Tom Evans – Zero to 100

It was incredible. The preparation. The event. The course. The journey.

The process. The outcome.

I knew I always wanted to challenge myself over 100 miles…I just never expected it to be in this incredible race. I was privileged to have qualified to race so to have a Race Crew and Filming Crew follow my journey over the race to an unexpected end was amazing.

I had the immense pleasure to meet Tom at Marathon des Sables, he was a complete unknown who on day-1 of the race, rocked the apple cart and the Moroccan dominance of the race. Myself, the rest of the media and all the runner’s in the race were asking the question, “Who is Tom Evans?”

By the end of the MDS, we had an answer. He placed 3rd and in the process, the ultra-running world welcomed a new star in the sport. He was without a sponsor and still a captain in the army.

Post MDS, we discussed opportunities and how Tom could achieve his goals. I was fortunate that Tom decided to join me on my annual Lanzarote Training Camp. He joined us as a coach and ambassador.

It was easy to see Tom’s ability. Few on the camp could keep up with him and those that could went on to race well at the following Marathon des Sables. In particular, Gemma Game who made the podium.

Following our camp, Tom joined me in Costa Rica for The Coastal Challenge. I was keen to see him race once again over multiple days and this time without being in a self-sufficient manner. I arrange the elite field and I was determined to give Tom and the rest, a hard race. Hayden Hawks, Timothy Olson and Marcus Scotney amongst others toed the line.

Tom arrived to race and it was clear from the off, he had an agenda. He had researched the race, looked at the stages, checked the times and not only did he have ambitions to win the race, but also set a new course record. Hayden and Tom raced head-to-head day-after-day but victory and the CR was never in doubt, Tom dominated.

It was time to set the goals higher and work to higher objectives. Tom represented his country and placed 3rd at the world championships. He dipped his toe in skyrunning races going head-to-head with skyrunning world champion, Jon Albon. But all along, the big goal was CCC part of the UTMB races.

Just prior to CCC, Tom signed a deal with Red Bull. I was fortunate to join Tom at his family home in the UK and document his training.

At CCC, running the perfect race, Tom closed on the lead in the latter stages of the race, forged ahead and won the biggest race of his life. A sponsorship deal with adidas Terrex followed and the dream of Western States started to fall in to place.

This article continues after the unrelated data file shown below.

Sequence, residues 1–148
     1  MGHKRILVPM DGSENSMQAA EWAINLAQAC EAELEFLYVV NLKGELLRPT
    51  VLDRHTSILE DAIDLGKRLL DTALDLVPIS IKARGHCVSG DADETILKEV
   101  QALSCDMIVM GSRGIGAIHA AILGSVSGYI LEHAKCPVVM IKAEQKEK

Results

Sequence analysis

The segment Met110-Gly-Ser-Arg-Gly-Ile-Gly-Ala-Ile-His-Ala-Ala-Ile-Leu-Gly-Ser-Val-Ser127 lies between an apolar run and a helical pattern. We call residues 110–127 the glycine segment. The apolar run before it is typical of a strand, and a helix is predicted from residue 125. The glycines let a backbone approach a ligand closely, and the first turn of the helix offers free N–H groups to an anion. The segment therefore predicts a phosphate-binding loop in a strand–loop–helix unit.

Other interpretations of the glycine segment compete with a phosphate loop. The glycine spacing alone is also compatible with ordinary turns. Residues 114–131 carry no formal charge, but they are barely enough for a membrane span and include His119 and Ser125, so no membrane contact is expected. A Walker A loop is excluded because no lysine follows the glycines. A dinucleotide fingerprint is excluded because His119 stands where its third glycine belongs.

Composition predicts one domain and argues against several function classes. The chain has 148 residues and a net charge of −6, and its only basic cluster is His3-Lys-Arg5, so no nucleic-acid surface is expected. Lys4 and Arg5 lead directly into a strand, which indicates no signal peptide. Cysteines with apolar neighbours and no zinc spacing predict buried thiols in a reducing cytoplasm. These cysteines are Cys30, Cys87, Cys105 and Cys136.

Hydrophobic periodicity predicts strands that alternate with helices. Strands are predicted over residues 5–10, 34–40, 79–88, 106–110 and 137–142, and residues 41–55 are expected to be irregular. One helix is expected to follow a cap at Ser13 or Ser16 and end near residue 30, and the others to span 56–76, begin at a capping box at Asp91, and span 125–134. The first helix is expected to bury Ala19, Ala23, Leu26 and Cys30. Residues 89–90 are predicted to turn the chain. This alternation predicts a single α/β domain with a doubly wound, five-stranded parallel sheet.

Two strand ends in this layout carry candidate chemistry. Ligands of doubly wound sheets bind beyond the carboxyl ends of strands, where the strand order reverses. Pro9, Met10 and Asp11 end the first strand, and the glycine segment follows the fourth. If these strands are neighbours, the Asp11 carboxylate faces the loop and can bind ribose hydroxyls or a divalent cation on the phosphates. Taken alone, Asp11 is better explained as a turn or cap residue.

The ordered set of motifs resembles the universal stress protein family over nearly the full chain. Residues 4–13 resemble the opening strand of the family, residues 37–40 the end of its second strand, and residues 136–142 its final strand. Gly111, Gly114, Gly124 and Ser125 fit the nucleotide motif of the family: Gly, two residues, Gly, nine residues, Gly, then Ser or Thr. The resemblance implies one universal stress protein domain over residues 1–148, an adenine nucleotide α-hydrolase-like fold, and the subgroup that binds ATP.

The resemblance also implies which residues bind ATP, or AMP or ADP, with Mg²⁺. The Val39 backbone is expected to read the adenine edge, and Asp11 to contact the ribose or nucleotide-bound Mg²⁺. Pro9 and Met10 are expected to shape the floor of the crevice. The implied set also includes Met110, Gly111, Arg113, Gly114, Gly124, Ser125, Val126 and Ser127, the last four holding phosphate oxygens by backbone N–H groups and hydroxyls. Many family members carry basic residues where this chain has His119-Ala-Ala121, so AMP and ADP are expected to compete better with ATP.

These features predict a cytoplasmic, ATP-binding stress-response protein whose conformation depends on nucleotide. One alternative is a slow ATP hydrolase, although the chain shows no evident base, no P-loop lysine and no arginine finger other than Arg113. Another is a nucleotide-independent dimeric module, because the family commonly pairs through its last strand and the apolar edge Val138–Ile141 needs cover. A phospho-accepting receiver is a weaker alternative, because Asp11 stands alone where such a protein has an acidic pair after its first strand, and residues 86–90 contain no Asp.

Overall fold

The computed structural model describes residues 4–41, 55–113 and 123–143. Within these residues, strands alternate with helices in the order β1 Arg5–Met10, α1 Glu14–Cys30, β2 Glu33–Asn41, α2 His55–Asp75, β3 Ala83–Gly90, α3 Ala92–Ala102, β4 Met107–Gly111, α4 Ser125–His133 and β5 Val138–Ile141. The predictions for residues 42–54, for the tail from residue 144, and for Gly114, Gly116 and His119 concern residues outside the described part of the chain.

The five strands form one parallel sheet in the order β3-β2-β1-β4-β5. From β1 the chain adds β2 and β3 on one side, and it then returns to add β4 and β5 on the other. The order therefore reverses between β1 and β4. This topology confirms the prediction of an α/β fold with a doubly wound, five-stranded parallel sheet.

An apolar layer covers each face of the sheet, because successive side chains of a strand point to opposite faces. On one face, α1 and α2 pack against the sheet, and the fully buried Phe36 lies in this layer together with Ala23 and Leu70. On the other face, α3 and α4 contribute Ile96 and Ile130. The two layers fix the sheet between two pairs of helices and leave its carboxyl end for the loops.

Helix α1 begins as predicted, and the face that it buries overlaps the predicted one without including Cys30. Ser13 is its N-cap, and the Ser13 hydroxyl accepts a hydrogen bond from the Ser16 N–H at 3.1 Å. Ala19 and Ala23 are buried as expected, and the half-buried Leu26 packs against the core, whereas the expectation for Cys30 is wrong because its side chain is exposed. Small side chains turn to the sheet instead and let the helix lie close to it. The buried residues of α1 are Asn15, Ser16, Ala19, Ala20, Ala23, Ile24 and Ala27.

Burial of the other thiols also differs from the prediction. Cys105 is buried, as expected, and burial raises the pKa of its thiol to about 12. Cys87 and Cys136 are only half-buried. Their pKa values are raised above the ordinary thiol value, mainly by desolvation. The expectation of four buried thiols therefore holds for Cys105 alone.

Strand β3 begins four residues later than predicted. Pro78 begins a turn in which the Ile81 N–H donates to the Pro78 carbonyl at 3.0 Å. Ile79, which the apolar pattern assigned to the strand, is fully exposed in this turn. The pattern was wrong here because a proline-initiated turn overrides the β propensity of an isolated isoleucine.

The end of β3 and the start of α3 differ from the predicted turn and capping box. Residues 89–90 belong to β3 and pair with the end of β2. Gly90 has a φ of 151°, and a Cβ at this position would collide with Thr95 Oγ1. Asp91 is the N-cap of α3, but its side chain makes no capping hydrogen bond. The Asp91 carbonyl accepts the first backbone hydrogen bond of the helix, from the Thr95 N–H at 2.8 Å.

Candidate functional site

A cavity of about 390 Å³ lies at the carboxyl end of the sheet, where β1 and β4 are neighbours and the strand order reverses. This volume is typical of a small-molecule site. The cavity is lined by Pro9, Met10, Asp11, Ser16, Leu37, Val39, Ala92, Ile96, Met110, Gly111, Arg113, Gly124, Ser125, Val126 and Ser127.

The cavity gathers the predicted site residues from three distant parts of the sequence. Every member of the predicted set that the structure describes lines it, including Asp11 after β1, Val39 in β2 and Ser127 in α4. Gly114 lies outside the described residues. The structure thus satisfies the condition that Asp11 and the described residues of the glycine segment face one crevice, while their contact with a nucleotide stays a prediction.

Zero to 100 tells the story of Tom’s inaugural 100-mile race, the iconic Western States in the USA. To place in the top-10 here would have been an incredible result, but Tom went on to place 3rd and in the process run under 15-hours. He trained in Ethiopia to prepare and you can listen to the whole process in episode 174 of Talk Ultra listed below.

ZERO TO 100

Process not Outcome

Tom has always discussed his thoughts on training and racing and one element that always runs true is ‘Process not Outcome.’ His ability to focus on the prize, dedicate himself to the task and take running to a higher and higher level is all down to his dedication and professional approach.

In 2020, Tom will target new races, new goals and new experiences. One thing is for sure, after victory at Tarawera Ultra in New Zealand early in the year, Tom is in the perfect place to fulfil his dreams. I would expect no less…!

2020 calendar subject to change based around Covid-19

Over the past couple of years, I have documented Tom’s progress via my podcast, Talk Ultra, you can listen to the episodes below:

Tom Evans and the 2017 Marathon des Sables HERE

Episode 133 Podcast, Marathon des Sables HERE

Episode 152 Podcast, The Coastal Challenge HERE

Episode 174 Podcast, Western States HERE

__________

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Transgrancanaria 2020 Race Summary

Pau Capell and Pablo Villa won the Transgracanaria HG Classic 2020 after reaching the finish-line in Faro de Maspalomas in the same time of 13:04:10 after an exciting battle of 128km.

Kaytlyn Gerbin, after placing 2nd in 2019, become the champion in women’s category breaking the course record for travelling from the north to south after starting Las Palmas de Gran Canaria.

Starting at 2300 hrs on Friday March 6th, it soon became clear that an epic night and day of racing lay ahead with Chinese runners, Fuzhao Xiang and Peiquan You leading the way.

However, behind the duo, 2nd in 2019, Kaytlyn Gerbin was running a measured race following past Transgrancanaria winner, Azara Garcia who had taken the race by the horns.

For the men, 2nd at Western States in 2019, Jared Hazen and Pau Capell followed with Pablo Villa not far behind.

Teror was the first marker and it was soon clear that an epic night of racing lay ahead.

The arrival of dawn at the iconic Roque Nublo was a key indicator of how the 2020 race would play out with Villa arriving ahead of Capell leading by a slender margin. 

For the women, Garcia lead Gerbin but it was clear to see that the writing was on the wall and Gerbin would soon make a more and take the lead. Xiang followed in 3rd.